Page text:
Theosophy

The Process of Self-inquiry: The Process

Ananya Sri Ram Rajan – USA

Theosophy AR 2 120 Ananya

The author at the Adyar Theatre, Chennai-India 

 

Until there is a measure of order, harmony, and tranquility in oneself, it is not possible to live in a satisfactory or beautiful manner.

N. Sri Ram

Inevitably, at some time in a person’s life, the question of our own existence arises. The question may take many forms depending on the situation that determines it, and may come in the form of such questions as: Who am I? Why am I here? and What is my purpose in life? The human beings’ ability for self-inquiry is quite fascinating. We are the only species, so far as known, that can investigate into its own beingness. Self-awareness, in the literal sense, i.e. self-recognition, belongs not only to humans but to chimpanzees, dolphins, and other mammals. Recent scientific discoveries have shown that such mammals have been found to recognize themselves in a mirror. But with regard to pondering who one is and the meaning of one’s existence, at present, humans seem to be the only species with such a gift. (The question remains, if certain mammals can recognize themselves, what other capacities do their minds possess?)

This gift of self-inquiry has today created quite a market. Searching for the term online generates several websites and books. There are an innumerable amount of people professing that they have the answers to finding the self, or that “their” way is “the” way to finding out who one is. People spend thousands of dollars every year trying to find the answer to the question of who they are or what their purpose is in life. Sadly, such people seem to be missing the point of self-inquiry. It is, after all, called self-inquiry for a reason. Those pointing the way can provide possible tools to help one’s process, but in the end the discovery must be taken alone and from within. This is what deters many who start enthusiastically from continuing the journey.

Inquiry is defined as the “art of asking for information,” “to question,” “to investigate.”

J. Krishnamurti used the word investigate and often said it means “to trace out” or to track. Etymologically, he was correct. (Perhaps this is why he loved detective novels.) However, inquiry into oneself can be tricky. If investigation means to track, what is it we are tracking and can we be objective when the subject of our investigation is our self?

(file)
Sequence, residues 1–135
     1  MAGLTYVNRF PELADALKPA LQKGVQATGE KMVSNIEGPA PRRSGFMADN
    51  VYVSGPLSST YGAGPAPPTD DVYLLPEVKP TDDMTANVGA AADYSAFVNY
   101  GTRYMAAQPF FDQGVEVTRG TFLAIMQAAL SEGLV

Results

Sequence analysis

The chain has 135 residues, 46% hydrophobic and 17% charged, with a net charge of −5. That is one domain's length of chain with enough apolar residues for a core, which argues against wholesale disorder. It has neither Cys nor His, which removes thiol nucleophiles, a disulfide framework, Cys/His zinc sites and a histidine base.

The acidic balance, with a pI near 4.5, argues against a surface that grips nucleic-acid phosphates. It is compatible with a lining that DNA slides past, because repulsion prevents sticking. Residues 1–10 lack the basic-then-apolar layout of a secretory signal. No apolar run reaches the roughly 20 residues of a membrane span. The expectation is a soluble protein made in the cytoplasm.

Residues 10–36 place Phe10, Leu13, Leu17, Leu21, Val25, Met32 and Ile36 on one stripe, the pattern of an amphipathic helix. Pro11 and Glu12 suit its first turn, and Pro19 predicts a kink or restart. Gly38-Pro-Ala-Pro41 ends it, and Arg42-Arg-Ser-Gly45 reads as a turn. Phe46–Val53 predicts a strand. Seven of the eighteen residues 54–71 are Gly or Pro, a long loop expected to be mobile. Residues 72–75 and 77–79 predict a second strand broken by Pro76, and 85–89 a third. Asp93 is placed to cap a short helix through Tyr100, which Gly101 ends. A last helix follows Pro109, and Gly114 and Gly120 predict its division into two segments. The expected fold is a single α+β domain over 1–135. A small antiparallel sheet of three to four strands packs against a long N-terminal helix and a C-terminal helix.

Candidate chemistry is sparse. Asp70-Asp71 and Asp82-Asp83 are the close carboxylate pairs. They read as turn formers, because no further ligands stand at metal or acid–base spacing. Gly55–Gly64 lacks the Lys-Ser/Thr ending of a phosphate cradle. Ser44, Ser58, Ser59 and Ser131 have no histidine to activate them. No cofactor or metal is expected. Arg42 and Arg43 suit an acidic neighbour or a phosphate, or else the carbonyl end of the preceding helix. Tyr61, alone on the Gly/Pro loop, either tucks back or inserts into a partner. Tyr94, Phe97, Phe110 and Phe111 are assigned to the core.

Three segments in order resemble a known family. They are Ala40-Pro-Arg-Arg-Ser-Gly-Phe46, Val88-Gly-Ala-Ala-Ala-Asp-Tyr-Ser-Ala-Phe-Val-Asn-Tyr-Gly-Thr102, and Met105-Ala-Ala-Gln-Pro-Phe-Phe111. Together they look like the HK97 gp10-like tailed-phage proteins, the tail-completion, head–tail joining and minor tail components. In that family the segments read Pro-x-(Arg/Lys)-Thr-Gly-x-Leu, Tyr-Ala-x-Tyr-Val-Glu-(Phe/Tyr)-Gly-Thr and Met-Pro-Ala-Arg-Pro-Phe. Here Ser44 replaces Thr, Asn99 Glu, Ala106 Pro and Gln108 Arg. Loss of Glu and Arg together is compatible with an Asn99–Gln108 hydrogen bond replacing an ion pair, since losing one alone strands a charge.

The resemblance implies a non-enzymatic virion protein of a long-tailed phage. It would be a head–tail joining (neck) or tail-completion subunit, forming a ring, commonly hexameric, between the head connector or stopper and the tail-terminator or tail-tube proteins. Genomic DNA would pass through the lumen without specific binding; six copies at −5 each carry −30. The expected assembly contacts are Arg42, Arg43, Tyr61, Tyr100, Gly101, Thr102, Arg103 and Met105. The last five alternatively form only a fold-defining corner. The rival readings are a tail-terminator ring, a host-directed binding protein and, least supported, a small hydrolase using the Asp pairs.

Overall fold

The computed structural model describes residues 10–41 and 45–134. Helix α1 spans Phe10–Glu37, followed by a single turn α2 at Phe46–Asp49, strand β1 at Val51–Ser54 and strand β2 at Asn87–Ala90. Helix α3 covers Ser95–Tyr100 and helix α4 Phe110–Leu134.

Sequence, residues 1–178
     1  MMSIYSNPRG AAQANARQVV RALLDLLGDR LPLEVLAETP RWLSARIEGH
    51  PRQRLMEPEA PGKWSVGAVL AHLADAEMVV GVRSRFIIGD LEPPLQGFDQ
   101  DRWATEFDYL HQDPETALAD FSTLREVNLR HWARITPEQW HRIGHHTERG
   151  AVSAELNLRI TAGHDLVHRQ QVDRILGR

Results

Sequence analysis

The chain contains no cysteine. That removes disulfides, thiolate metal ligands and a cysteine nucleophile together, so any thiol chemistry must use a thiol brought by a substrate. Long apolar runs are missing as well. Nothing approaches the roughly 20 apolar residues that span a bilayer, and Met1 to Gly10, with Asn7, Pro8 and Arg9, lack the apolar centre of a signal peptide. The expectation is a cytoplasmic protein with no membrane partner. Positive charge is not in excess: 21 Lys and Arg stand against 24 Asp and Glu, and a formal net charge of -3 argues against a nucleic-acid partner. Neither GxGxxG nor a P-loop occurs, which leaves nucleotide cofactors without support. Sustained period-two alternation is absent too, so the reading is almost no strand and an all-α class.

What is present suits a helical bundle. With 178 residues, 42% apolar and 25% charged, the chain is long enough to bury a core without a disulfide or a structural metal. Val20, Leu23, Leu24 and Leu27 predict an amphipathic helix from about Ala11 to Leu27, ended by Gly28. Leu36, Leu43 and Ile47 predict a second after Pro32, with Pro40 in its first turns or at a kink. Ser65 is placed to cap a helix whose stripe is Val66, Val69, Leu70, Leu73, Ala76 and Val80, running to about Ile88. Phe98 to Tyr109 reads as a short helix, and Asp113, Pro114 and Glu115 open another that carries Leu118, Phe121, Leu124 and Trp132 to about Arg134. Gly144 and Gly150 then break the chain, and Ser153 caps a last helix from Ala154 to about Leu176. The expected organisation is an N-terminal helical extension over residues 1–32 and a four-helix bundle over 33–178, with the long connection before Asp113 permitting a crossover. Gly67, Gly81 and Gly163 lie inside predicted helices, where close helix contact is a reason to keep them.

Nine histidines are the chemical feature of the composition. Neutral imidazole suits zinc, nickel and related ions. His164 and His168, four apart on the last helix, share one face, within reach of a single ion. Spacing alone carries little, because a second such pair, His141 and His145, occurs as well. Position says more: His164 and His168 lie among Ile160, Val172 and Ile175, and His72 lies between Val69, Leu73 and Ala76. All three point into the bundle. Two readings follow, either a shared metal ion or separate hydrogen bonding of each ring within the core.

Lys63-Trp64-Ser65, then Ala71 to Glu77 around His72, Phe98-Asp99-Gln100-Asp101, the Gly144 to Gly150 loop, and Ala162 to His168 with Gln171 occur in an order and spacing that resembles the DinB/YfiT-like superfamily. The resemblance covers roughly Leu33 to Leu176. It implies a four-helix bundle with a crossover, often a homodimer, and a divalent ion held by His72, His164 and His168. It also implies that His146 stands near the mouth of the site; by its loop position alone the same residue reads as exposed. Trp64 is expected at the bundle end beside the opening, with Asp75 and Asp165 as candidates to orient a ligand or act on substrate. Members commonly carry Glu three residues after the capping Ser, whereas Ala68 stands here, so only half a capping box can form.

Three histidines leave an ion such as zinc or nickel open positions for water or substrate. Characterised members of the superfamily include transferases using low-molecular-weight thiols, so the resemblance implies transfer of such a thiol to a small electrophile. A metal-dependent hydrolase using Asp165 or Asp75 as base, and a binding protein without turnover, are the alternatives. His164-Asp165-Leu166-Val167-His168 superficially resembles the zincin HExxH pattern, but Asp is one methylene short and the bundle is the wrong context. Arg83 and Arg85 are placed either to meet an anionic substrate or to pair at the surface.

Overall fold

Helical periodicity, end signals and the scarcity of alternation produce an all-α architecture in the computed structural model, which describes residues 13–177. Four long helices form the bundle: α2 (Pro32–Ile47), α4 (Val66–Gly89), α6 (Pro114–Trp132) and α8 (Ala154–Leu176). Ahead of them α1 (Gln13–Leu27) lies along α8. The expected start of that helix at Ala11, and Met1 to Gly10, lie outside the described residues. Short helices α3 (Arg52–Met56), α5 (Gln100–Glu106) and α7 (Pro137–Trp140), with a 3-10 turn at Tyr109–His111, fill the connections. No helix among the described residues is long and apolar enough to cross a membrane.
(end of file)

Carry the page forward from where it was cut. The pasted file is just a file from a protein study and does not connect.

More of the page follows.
Historical, biographical, or mythical material about the lives of those who wander into the field of self-inquiry, often state that something draws them into such a place: a crisis of conscience, the death of a loved one, an illness, a sudden shift in perception, and so on. A mark is made on the individual’s being and very rarely are they able to return to the person they were before. It is difficult to understand every event in one’s life that leads to a desire to know more. But it is the desire to know. Sadly, some get lost in the chaos of details during this process and that is where they remain. This is one of the reasons why HP Blavatsky describes the road as “steep and thorny.” We can get hooked on a detail of the past, unable to stay in the present and unable to move forward.

For the average person (those neither born enlightened nor born to be the vehicle of a higher consciousness), the process, if taken seriously, eventually brings to the surface some of our unpleasant traits. This is not to say those born enlightened or with the potential do not face the same turmoil. However, if we look at this process from a wider karmic lens, we can see that some who incarnate to play the role of selfless guide have already sloughed away the dross of the self. But the sloughing away tends to be what many of us have to face in the process. The key is not to get hooked, but to give grace and space to that which wants to draw us in so desperately. By looking at things from a wider lens, we can see the whole picture.

Perhaps we could say that the process of self-inquiry is not so much about asking for information, but about observing one’s thoughts, actions, and words while remaining receptive and open to what one observes. Observation, the action of watching or monitoring something closely, is normally so one can obtain information. But is it possible to both openly receive such information and not become unsettled by it? In other words, can one observe what comes without getting emotionally involved with what one sees? (Remember the thorns?)

In counseling, when working with clients who are struggling with impulsive anger issues, the exercise STOPP (Stop, Take a breath, Observe, Plan, Proceed) is often encouraged. The greatest difficulty clients have is to stop what they are doing when they start feeling angry. In self-inquiry, such an exercise may be helpful. There are times when observing one’s thoughts, the mind will start in, “why are you thinking about that?” and then one is stuck in the blame and shame game. The minute such a thought arises, the door opens for more to arrive. It may help to just stop, be present, and breathe before the emotions come into play.

If we desire to know more about ourselves, perhaps one aspect we need to continually be aware of is the desire itself. Is it the desire (the wanting of something) that drives our journey, or is it the journey itself? The desire tends to create illusions of grandeur. We have an idea in our mind about what the process will bring to us instead of what we can bring to the process. If we are truly serious, teachings have shown we must dispose of every expectation, approach the process with humility, allow our emotions to ebb and flow through us, and take it as a journey of curiosity rather than one of conquering. After all, the journey is not to conquer the self, but to know it—whatever that may be.

Happy travels.